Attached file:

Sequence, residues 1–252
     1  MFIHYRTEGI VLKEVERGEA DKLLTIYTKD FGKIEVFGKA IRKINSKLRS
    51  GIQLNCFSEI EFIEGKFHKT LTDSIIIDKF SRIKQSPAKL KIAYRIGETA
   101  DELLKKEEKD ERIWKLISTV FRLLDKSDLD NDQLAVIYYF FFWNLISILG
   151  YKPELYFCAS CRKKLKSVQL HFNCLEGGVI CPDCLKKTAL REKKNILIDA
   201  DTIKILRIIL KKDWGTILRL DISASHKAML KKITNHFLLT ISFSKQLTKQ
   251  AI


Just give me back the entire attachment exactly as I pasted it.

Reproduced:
Sequence, residues 1–252
     1  MFIHYRTEGI VLKEVERGEA DKLLTIYTKD FGKIEVFGKA IRKINSKLRS
    51  GIQLNCFSEI EFIEGKFHKT LTDSIIIDKF SRIKQSPAKL KIAYRIGETA
   101  DELLKKEEKD ERIWKLISTV FRLLDKSDLD NDQLAVIYYF FFWNLISILG
   151  YKPELYFCAS CRKKLKSVQL HFNCLEGGVI CPDCLKKTAL REKKNILIDA
   201  DTIKILRIIL KKDWGTILRL DISASHKAML KKITNHFLLT ISFSKQLTKQ
   251  AI